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ESPlanner Review (Financial Planning Software)

January 30th, 2009 at 06:35 am

I recently purchased ESPlanner from www.esplanner.com. The software is a financial planning package developed by Laurence Kotlikoff, Professor of Economics at Boston University, and Dr. Jagadeesh Gokhale, Senior Fellow at the Cato Institute. Having played around with it for about a week, I figured I would post my initial thoughts.

First, the idea of the software is "consumption smoothing". In other words, the goal of the software is to attempt to generate a level standard of living throughout the user's life. It does this by varying the amount saved or dissaved year-by-year. I think this is a great concept, because it is a more holistic approach, taking into account changes in household size (children being born and moving out), housing costs (buying or selling a home), large one-time purchases (vehicles, vacation homes, etc), and one-time windfalls (inheritances), as well as a host of configurable events, or ongoing or recurring situations. The software creates a detailed plan on how much to save or dissave (spend down savings) each year in order to maintain a smooth living standard per adult. ESPlanner takes into account economies of scale, so a 2-person household can live as cheaply as 1.7 single-person households. Likewise, as household members are added, there are similar economies of scale. It is very computationally intensive and generates a lot of data in spreadsheet form, along with a consolidated PDF summary report.

Now to the negatives. The design of the software is quite spartan. The interface reminds me of freeware, which is not a compliment. I noticed a number of small bugs, none of which made the software unusable but were nagging nonetheless.

For younger people, I would take ESPlanner's recommendations with a grain of salt. The software requires many detailed projections of expenses, income, savings, household changes, etc. Any error in these projections could have a big effect on your plan and could throw off your projections. For older people who are approaching retirement, the variables are fewer and less fuzzy, and the projections are probably more accurate.

Retirement Investing Strategy

December 22nd, 2008 at 12:11 pm

I wanted to go over my investing strategy, since it seems a little unorthodox (but really isn't). My wife and I follow Scott Burns' 10-speed portfolio. Mr. Burns (a finance columnist for the Dallas Morning News and USAA) is more famous for his Couch Potato portfolio, which is equal parts Total Stock Market index and Treasury Inflation Protected Securities. Since this is 50% bonds, it is a bit conservative for me (although ironically it has outperformed the S&P 500 over the last 5 years).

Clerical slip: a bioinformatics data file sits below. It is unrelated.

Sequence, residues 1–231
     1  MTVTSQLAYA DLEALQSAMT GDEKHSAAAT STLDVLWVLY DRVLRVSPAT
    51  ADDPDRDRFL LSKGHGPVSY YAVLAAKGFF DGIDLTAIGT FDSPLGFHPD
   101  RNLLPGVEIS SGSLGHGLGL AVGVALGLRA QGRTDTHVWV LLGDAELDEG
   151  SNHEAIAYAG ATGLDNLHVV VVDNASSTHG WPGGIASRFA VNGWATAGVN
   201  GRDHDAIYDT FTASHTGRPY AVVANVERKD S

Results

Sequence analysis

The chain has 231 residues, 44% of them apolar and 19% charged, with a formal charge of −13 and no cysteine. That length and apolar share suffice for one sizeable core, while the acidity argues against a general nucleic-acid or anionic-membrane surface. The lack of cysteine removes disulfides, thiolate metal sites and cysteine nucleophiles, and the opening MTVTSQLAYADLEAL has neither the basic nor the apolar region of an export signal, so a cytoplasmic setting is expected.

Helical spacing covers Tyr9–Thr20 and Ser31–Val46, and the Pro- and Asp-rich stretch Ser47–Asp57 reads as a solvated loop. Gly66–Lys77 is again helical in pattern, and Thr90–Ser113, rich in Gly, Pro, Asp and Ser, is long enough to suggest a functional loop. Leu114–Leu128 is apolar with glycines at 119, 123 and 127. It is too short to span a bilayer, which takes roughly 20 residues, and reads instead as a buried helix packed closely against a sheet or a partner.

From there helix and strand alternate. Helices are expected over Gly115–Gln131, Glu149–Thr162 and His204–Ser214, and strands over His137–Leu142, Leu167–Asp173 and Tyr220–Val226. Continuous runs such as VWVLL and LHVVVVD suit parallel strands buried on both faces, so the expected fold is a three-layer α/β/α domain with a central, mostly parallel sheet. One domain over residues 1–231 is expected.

Luckily, Mr. Burns has created more complicated versions of his CP portfolios, with equal parts of different asset classes, up to the Ten-Speed, which has 10 equally-sized different "blocks" in it. Here is the breakdown of the Ten-speed:

Block 1: Domestic total stock market
Block 2: Treasury Inflation Protected Securities
Block 3: International total market
Block 4: International bonds
Block 5: REITs
Block 6: Energy
Block 7: Large U.S. value stocks
Block 8: Small U.S. value stocks
Block 9: Emerging markets
Block 10: International value stocks

The reasons I like this portfolio:

-It is aggressive. With 80% equities, it fits my risk profile. In my case, I slightly modified Block 4 to use International Inflation-Protected Bonds, so all my bonds will keep up with inflation. I see inflation as a big problem in the future with all our government's pending obligations. The only real way to fund these obligations will be to print lots of money, which causes inflation.

-It is simply to implement and maintain. Simply total your portfolio, move the decimal point one digit to the left, and you've got your allocation in each block. Rebalancing is just as easy.

-It can be very cheap to own. I use Vanguard funds and ETFs whenever possible. Because of this, the average expense ratio for my portfolio is around 0.50%. I have read numerous studies that the best indicator of future performance is low expenses. Almost all of the 10-speed blocks are available as index funds or ETFs, which makes it relatively easy to find cheap choices for the blocks.

-It is diversified. With about 27% in large cap US stocks, 13% in small cap US stocks, 20% in international stocks, 10% in emerging markets, 10% in REITs, and 20% in inflation-protected bonds both here and abroad, it is not concentrated in any one asset class. This meshes nicely with David Swensen's investing strategy. Swensen is the incredibly successful manager of Yale's endowment, which has returned over 15% a year for the last 10 years. Swensen does not advocate holding large portfolio holdings in any one asset class.

The one thing I don't like about this fund is that it can require a lot of money to fund the minimums on 10 funds. Since our retirement accounts are split between 4 different accounts, we couldn't have 10 funds in each account and still make the fund minimums. The way I have gotten around that is to spread the 10 funds over 3 of the accounts. The 4th account is a 403b which has limited fund choices, so I use a more traditional asset allocation there. Once we've gotten large enough balances built up in the other 3 accounts, I plan to institute 10-speed portfolios in each one, which will make management easier.

For more information, see:
http://assetbuilder.com/default.aspx
http://en.wikipedia.org/wiki/Scott_Burns_(newspaper_columnis...